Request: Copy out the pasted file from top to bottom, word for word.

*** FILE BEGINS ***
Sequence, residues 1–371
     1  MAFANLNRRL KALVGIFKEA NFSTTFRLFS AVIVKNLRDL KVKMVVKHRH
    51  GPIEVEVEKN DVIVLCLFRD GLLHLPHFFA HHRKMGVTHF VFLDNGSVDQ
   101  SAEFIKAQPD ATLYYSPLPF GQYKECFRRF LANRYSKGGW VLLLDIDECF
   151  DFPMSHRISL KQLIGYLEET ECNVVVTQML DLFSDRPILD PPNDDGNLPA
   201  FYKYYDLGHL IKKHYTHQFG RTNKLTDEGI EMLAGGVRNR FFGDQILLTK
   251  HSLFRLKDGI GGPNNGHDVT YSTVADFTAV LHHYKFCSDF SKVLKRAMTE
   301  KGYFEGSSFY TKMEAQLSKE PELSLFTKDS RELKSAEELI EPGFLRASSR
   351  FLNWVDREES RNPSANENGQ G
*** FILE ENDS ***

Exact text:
Sequence, residues 1–371
     1  MAFANLNRRL KALVGIFKEA NFSTTFRLFS AVIVKNLRDL KVKMVVKHRH
    51  GPIEVEVEKN DVIVLCLFRD GLLHLPHFFA HHRKMGVTHF VFLDNGSVDQ
   101  SAEFIKAQPD ATLYYSPLPF GQYKECFRRF LANRYSKGGW VLLLDIDECF
   151  DFPMSHRISL KQLIGYLEET ECNVVVTQML DLFSDRPILD PPNDDGNLPA
   201  FYKYYDLGHL IKKHYTHQFG RTNKLTDEGI EMLAGGVRNR FFGDQILLTK
   251  HSLFRLKDGI GGPNNGHDVT YSTVADFTAV LHHYKFCSDF SKVLKRAMTE
   301  KGYFEGSSFY TKMEAQLSKE PELSLFTKDS RELKSAEELI EPGFLRASSR
   351  FLNWVDREES RNPSANENGQ G